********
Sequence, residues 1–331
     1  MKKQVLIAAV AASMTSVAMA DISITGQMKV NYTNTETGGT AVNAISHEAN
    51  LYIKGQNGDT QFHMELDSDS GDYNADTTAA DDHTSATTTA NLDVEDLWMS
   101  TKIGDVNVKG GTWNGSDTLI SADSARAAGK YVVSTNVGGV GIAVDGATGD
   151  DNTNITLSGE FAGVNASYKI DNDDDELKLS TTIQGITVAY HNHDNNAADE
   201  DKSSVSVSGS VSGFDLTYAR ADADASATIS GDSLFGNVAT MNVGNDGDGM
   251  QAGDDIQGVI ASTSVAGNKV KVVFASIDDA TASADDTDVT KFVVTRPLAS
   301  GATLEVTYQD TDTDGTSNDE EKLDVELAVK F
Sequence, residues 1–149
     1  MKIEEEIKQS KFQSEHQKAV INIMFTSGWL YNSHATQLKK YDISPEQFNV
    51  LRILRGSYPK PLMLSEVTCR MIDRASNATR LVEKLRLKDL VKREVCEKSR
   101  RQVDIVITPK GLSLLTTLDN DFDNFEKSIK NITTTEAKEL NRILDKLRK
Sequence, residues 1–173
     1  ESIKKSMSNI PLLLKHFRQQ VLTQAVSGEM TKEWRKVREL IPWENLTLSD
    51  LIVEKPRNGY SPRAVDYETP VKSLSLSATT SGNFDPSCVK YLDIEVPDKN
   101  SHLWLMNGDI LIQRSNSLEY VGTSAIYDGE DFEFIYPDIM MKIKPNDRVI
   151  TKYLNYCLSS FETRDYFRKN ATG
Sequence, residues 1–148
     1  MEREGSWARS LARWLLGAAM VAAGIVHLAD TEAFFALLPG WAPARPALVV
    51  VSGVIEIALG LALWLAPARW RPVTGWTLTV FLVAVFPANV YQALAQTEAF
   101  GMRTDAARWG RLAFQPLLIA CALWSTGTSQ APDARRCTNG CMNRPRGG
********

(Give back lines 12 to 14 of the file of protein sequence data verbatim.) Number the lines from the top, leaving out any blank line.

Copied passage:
   101  RQVDIVITPK GLSLLTTLDN DFDNFEKSIK NITTTEAKEL NRILDKLRK
Sequence, residues 1–173
     1  ESIKKSMSNI PLLLKHFRQQ VLTQAVSGEM TKEWRKVREL IPWENLTLSD